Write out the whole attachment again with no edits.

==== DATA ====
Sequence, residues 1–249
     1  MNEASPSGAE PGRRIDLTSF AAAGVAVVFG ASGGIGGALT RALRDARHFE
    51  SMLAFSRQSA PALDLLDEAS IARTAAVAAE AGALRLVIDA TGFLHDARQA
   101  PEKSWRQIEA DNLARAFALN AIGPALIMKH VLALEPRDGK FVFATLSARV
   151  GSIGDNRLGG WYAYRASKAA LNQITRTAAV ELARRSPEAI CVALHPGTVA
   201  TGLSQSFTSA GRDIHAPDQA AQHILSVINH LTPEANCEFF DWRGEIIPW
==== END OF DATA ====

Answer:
Sequence, residues 1–249
     1  MNEASPSGAE PGRRIDLTSF AAAGVAVVFG ASGGIGGALT RALRDARHFE
    51  SMLAFSRQSA PALDLLDEAS IARTAAVAAE AGALRLVIDA TGFLHDARQA
   101  PEKSWRQIEA DNLARAFALN AIGPALIMKH VLALEPRDGK FVFATLSARV
   151  GSIGDNRLGG WYAYRASKAA LNQITRTAAV ELARRSPEAI CVALHPGTVA
   201  TGLSQSFTSA GRDIHAPDQA AQHILSVINH LTPEANCEFF DWRGEIIPW